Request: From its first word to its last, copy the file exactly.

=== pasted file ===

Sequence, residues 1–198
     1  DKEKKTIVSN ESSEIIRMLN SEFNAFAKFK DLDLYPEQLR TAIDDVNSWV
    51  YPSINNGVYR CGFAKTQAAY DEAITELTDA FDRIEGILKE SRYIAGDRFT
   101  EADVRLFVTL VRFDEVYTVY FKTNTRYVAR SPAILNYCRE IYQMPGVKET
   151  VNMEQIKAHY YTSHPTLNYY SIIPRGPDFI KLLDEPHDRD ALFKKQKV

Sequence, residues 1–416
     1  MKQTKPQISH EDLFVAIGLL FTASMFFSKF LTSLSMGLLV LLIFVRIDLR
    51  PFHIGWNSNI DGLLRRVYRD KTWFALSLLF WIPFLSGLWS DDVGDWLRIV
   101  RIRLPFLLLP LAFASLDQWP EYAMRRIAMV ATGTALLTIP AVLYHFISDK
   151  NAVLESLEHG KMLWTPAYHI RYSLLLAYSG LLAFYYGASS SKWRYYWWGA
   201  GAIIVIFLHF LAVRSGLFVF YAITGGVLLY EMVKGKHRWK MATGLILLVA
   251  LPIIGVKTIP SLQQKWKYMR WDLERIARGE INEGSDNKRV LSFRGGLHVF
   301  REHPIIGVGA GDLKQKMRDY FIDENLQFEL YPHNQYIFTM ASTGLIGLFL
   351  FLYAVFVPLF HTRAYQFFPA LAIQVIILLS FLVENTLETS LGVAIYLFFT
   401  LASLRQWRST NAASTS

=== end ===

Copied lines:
Sequence, residues 1–198
     1  DKEKKTIVSN ESSEIIRMLN SEFNAFAKFK DLDLYPEQLR TAIDDVNSWV
    51  YPSINNGVYR CGFAKTQAAY DEAITELTDA FDRIEGILKE SRYIAGDRFT
   101  EADVRLFVTL VRFDEVYTVY FKTNTRYVAR SPAILNYCRE IYQMPGVKET
   151  VNMEQIKAHY YTSHPTLNYY SIIPRGPDFI KLLDEPHDRD ALFKKQKV

Sequence, residues 1–416
     1  MKQTKPQISH EDLFVAIGLL FTASMFFSKF LTSLSMGLLV LLIFVRIDLR
    51  PFHIGWNSNI DGLLRRVYRD KTWFALSLLF WIPFLSGLWS DDVGDWLRIV
   101  RIRLPFLLLP LAFASLDQWP EYAMRRIAMV ATGTALLTIP AVLYHFISDK
   151  NAVLESLEHG KMLWTPAYHI RYSLLLAYSG LLAFYYGASS SKWRYYWWGA
   201  GAIIVIFLHF LAVRSGLFVF YAITGGVLLY EMVKGKHRWK MATGLILLVA
   251  LPIIGVKTIP SLQQKWKYMR WDLERIARGE INEGSDNKRV LSFRGGLHVF
   301  REHPIIGVGA GDLKQKMRDY FIDENLQFEL YPHNQYIFTM ASTGLIGLFL
   351  FLYAVFVPLF HTRAYQFFPA LAIQVIILLS FLVENTLETS LGVAIYLFFT
   401  LASLRQWRST NAASTS